10 mL (2 tsp) baking powder

2.5 mL (1/2 tsp) baking soda

2.5 mL (1/2 tsp) salt

1.25 mL (1/4 tsp) nutmeg

Preheat oven to 180°C (375°F).

Cover apricots with boiling water and let stand for 10 minutes; drain and coarsely chop.
In large bowl, whisk together flour, baking powder, baking soda, salt and nutmeg; mix in apricots. In a separate bowl, whisk together oil, egg, yoghurt, bananas and sugar: pour over dry ingredients and mix until just moistened. Fill greased or paper-lined muffin tins ¾ full and bake for 20-25 minutes.

dimanche 1 mars 2009

Moroccan Eggplant Dip

This weekend the temperatures stayed above zero and even climbed to a balmy 13°C on Saturday making it feel like spring really is on its way. It was a relief not to have to scrape the car off before going anywhere. I decided to make an eggplant dip. Eggplant (aubergine) dips are very popular throughout the Mediterranean region like “Baba Ganouj” or “Baba Ganoush” made with tahini (sesame seed paste) in Lebanon, “Melitzanosalata” from Greece and “Caviar d’aubergine” from France. This time I made a Moroccan version with tomatoes, harissa and argan oil.

Argan oil is the rare and precious oil that is ground from pits of the fruit of the argan tree that grows in south-western Morocco. It has a rich golden colour and nutty flavour. The fruit is harvested and the oil produced by cooperatives of Berber women in Morocco. The cooperative provides the women with jobs that would not otherwise exist and ensures that the trees are maintained in a sustainable manner. As with most programs designed for women this one also benefits the entire community.

The oil has been highly praised for its nutritional and cosmetic properties. It was the Berber women’s beauty secret – the oil is very high in vitamin E and is excellent for dry skin and has anti-aging properties. As a food product it is best used in dips, salad dressings, couscous or drizzled over fish and meats. The 250 mL bottle I purchased in Thionville, France cost about 25€.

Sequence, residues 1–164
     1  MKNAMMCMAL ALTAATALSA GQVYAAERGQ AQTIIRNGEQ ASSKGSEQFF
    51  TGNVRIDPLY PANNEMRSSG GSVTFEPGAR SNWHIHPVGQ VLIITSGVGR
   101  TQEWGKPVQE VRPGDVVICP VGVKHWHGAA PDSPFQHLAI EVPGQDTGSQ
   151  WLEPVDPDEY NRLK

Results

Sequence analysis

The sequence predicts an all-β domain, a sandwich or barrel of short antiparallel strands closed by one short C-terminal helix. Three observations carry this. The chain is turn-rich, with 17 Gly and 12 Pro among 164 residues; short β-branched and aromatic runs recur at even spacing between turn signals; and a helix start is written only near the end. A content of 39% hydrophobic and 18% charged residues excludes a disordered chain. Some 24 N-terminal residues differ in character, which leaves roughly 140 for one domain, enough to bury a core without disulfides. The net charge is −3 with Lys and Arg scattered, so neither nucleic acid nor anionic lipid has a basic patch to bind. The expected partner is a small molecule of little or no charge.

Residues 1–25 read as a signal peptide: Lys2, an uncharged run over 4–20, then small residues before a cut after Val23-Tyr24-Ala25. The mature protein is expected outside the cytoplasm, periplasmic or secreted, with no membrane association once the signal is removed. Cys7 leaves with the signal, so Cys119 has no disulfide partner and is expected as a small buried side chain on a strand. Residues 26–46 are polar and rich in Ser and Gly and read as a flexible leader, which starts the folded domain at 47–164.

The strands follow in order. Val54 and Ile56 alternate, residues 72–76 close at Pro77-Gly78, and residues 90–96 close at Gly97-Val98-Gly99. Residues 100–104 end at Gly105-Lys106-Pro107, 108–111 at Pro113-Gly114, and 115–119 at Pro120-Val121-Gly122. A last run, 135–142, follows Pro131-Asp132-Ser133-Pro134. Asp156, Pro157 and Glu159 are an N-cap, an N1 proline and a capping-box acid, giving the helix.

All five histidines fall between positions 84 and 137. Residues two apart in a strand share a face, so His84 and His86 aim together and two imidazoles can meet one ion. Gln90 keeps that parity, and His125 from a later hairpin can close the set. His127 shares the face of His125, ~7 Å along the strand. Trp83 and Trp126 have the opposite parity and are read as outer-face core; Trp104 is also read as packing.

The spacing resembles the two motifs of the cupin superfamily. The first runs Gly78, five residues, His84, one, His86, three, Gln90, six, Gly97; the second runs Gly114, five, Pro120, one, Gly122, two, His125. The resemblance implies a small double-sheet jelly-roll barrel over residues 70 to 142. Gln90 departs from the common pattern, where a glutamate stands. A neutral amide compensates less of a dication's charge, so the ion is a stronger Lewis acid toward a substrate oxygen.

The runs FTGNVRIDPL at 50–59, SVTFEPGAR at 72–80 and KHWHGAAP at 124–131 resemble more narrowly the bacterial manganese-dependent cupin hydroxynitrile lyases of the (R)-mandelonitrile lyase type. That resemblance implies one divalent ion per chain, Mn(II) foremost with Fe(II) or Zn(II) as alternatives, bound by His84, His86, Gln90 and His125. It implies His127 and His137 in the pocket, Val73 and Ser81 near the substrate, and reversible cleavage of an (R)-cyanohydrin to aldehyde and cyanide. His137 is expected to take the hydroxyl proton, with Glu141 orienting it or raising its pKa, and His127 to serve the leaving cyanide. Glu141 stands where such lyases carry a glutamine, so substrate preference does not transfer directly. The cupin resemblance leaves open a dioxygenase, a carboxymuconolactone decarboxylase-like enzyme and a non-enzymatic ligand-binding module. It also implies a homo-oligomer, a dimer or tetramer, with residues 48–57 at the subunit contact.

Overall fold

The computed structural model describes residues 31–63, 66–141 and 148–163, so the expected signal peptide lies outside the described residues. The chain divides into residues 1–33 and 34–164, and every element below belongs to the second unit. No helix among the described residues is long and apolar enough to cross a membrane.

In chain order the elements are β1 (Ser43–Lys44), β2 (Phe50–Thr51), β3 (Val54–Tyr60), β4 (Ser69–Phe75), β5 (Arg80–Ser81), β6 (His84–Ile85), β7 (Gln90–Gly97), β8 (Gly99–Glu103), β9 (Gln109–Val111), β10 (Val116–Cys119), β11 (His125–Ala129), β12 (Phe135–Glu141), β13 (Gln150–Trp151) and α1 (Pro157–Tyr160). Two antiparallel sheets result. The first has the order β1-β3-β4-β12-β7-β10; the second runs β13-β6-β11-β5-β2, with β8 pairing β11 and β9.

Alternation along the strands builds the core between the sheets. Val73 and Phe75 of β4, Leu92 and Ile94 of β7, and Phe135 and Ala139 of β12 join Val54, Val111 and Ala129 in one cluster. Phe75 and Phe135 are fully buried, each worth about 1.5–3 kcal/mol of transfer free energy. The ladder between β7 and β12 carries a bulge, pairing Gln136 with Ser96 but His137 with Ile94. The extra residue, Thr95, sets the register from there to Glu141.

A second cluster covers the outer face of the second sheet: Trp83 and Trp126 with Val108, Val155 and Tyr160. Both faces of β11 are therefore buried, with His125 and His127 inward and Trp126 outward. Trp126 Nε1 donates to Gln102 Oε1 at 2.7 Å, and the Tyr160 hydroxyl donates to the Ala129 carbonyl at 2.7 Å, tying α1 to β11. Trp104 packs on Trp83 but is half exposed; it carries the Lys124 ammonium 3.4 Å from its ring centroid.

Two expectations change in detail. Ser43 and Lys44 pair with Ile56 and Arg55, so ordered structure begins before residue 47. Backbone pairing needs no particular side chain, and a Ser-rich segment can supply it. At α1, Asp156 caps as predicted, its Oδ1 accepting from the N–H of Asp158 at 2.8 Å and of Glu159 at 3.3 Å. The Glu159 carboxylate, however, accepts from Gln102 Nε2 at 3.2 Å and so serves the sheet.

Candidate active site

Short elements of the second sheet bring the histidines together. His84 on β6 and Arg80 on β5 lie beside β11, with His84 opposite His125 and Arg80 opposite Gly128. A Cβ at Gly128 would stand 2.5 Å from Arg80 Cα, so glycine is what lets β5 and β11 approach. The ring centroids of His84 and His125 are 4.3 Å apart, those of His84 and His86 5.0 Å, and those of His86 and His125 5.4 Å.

Moroccan Eggplant Dip
Makes approx. 250 mL (1 cup)

1 medium eggplant
2-3 cloves garlic
2 tomatoes, coarsely chopped
10 mL (2 tsp) tomato paste
Juice and zest of 1/2 lemon
2.5 mL (1/2 tsp) each of harissa, ground cumin and sea salt
Freshly ground black pepper, to taste
60 mL (1/4 cup) each coarsely chopped parsley and cilantro
30 mL (2 Tbsp) argan oil*

Preheat oven to 180°C (350°F).

Use a fork to pierce eggplant all over. Wrap garlic cloves in foil. Place eggplant and garlic on baking sheet and roast for 30 minutes or until garlic is soft. Remove garlic and set aside to cool. Turn eggplant, return to oven and continue roasting for an additional 20 minutes or until tender. Meanwhile, stir together tomatoes and tomato paste in medium pan. Bring to simmer over medium heat. Reduce heat to medium-low and simmer for about 30 minutes or until reduced to a thick sauce. Set aside to cool. Split eggplant in half and scoop out flesh; chop coarsely and transfer to a colander to drain off liquid. Squeeze garlic cloves into food processor bowl. Add tomato paste, lemon juice and zest, harissa, cumin, salt, pepper, parsley and cilantro; pulse to purée mixture. With motor running, add oil in a steady stream. Add eggplant and pulse until blended to a chunky consistency.

* Walnut oil or olive oil can be substituted for the argan oil